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Dr. David Kozak

Dr. David Kozak
Professor of Anthropology

Expertise:

    • Medical anthropology
    • Applied anthropology
    • Global health
    • Religion and shamanism
    • Oral traditions
    • Adventure culture and tourism
    • Substance abuse
    • Native American cultures
    • U.S. Southwest
    • East Africa

Education:

    • Ph.D., Anthropology, Arizona State University, 1994
    • M.A., Anthropology, Arizona State University, 1990

Contact:

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Dr. David Kozak is available to comment on topics related to areas of interest or expertise. If you need further assistance, contact Public Affairs at 970-247-7401 or by email.


About Dr. David Kozak

David Kozak is a professor in the Department of Anthropology at Fort Lewis College. He joined the college in 1994 and served as chair of the department from 2000 to 2003. Dr. Kozak has an extensive background in ethnocriticism, the analysis of oral performance and texts across cultures. He is an applied medical anthropologist who focuses on using his expertise to address problems such as diabetes and obesity. He has consulted for the National Institutes of Health, the Centers for Disease Control, Indian Health Services and the Regional Substance Abuse Prevention Project. He has presented his research at lecture series, conferences and symposiums around the country. Dr. Kozak is a past book review editor for Culture and Agriculture, a journal of the American Anthropological Association. Dr. Kozak is the 2010 recipient of the Excellence in Teaching Award from the National Society of Leadership and Success. He was awarded Fort Lewis College’s Alice Admire Outstanding Teaching Award in 2001 and named the college’s Featured Scholar in 2000.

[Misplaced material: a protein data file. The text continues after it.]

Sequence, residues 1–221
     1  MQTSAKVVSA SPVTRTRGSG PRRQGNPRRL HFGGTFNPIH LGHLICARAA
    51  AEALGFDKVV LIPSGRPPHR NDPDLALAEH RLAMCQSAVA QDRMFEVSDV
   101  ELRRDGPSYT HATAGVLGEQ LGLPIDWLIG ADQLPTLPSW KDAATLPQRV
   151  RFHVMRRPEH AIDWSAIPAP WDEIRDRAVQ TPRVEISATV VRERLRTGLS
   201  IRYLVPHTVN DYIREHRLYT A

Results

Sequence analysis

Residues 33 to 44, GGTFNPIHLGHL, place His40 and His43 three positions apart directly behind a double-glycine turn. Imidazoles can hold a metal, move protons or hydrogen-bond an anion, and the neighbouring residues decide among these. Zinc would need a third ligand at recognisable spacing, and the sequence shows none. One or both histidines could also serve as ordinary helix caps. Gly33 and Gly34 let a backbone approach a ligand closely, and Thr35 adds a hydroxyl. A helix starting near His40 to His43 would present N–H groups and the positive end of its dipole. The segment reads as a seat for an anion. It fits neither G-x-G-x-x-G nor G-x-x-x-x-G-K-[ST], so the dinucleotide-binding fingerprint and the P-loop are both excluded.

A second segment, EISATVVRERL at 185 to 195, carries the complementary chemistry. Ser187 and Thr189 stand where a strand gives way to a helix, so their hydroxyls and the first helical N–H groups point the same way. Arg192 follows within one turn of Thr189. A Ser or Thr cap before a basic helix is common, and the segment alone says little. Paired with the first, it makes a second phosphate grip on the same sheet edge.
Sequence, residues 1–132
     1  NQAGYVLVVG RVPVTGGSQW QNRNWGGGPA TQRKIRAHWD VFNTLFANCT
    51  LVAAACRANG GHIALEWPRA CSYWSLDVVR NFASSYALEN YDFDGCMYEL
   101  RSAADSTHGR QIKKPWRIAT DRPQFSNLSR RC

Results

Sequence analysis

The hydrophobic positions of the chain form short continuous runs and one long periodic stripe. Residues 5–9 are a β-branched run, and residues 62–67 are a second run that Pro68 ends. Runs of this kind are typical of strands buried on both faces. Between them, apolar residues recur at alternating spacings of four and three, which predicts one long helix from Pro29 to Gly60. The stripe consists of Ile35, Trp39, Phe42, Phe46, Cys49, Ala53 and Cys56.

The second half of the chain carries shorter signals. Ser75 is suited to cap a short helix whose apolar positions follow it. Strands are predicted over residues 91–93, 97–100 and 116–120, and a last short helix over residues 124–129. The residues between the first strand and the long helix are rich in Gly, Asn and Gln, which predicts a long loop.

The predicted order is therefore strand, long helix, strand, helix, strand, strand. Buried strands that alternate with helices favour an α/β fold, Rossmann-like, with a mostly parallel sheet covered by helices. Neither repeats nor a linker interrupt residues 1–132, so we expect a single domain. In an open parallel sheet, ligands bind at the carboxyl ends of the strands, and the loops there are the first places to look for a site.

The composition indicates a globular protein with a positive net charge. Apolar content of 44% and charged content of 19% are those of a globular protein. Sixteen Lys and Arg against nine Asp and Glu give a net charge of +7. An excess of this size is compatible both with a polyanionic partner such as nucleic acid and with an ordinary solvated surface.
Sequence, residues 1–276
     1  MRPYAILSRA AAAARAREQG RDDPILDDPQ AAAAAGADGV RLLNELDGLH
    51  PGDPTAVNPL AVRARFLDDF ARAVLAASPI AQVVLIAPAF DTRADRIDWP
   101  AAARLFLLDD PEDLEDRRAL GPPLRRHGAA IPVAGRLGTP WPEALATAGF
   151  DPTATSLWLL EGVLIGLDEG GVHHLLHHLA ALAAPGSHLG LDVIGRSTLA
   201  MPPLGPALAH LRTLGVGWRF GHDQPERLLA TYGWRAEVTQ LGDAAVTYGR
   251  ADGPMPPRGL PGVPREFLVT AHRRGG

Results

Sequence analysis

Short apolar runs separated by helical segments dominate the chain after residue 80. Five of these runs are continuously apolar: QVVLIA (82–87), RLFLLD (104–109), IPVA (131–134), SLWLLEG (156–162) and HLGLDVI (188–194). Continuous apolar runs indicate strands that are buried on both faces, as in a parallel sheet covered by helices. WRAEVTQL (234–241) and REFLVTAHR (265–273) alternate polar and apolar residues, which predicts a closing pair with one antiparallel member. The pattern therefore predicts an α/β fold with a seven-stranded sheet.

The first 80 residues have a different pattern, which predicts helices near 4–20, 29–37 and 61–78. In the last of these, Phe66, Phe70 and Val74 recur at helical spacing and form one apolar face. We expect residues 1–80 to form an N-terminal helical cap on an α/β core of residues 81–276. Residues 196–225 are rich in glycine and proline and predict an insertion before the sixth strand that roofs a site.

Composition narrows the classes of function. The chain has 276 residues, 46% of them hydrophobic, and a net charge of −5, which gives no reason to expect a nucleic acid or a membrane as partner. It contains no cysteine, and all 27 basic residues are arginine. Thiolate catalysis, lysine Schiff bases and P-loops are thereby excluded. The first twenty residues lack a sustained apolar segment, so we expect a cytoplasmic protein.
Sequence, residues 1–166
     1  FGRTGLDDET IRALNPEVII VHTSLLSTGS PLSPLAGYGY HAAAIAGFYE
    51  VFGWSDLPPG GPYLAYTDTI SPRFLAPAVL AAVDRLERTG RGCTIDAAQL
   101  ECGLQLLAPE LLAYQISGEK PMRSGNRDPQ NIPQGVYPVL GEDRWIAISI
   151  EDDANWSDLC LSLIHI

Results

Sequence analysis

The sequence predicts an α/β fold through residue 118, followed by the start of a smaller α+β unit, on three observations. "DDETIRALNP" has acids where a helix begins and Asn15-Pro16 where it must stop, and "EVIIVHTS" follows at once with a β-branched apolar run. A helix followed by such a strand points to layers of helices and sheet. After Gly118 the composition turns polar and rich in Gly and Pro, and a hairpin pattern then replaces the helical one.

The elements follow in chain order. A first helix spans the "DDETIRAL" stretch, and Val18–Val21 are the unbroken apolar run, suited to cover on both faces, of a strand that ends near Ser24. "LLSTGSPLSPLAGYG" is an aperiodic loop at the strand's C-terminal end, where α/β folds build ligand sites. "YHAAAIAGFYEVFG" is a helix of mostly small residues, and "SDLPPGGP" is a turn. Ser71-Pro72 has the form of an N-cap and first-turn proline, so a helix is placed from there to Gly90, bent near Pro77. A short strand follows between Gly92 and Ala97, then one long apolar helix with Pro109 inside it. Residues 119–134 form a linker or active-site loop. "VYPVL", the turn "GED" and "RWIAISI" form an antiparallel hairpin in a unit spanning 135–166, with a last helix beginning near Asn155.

Highlights

In January 2015, Inside Dazzling Mountains: Southwest Native Verbal Arts, edited by Fort Lewis Anthropology Professor David Kozak, was named a 2014 Choice Outstanding Academic Title by the American Library Association

Inside Dazzling Mountains is a collection of songs, stories, chants and orations from the four major language groups of the Southwest: Yuman, Nadíne (Apachean), Uto-Aztecan, and Kiowa-Tanoan. Dr. Kozak collected oral works in 18 different languages, which were translated by anthropologists and indigenous language linguists from around the greater Southwest. As a Ph.D. student at Arizona State University, Dr. Kozak researched the Tohono O’odham tribe of southern Arizona and translating healing songs for his dissertation— and he has remained committed to language preservation throughout his anthropology career. He was recruited by well-known poet, critic and translator Brian Swann—editor of the Native Literatures of the America series and a longtime colleague with whom Dr. Kozak had collaborated on other projects—to become editor of Inside Dazzling Mountains.About the Book

Choice is a publication of the American Library Association that reviews scholarly books online and in its print magazine. Each January, Choice publishes a list of Outstanding Academic Titles that were reviewed during the previous calendar year. Only 10 percent of the works reviewed in Choice are named to the Outstanding Academic Titles list each year.

Dr. Kozak Explains the Book

“The Native Southwest has the richest linguistic diversity of anywhere in the United States, and possibly North America, so an anthology of this sort was important. This book includes several languages that are endangered—and will die with the oldest members of those communities. I hope it can serve as a resource for communities that embrace these stories, songs and languages.” 


In The Media

Inside Dazzling Mountains: New Translations of Southwest Native American Verbal Arts, Editor, University of Nebraska Press, 2013

“Translating the Boundary Between Life and Death in O’odham Devil Songs,” Born in the BloodUniversity of Nebraska Press, 2009

Devil Sickness and Devil Songs: Tohono O’odham PoeticsSmithsonian Institution Press, 1999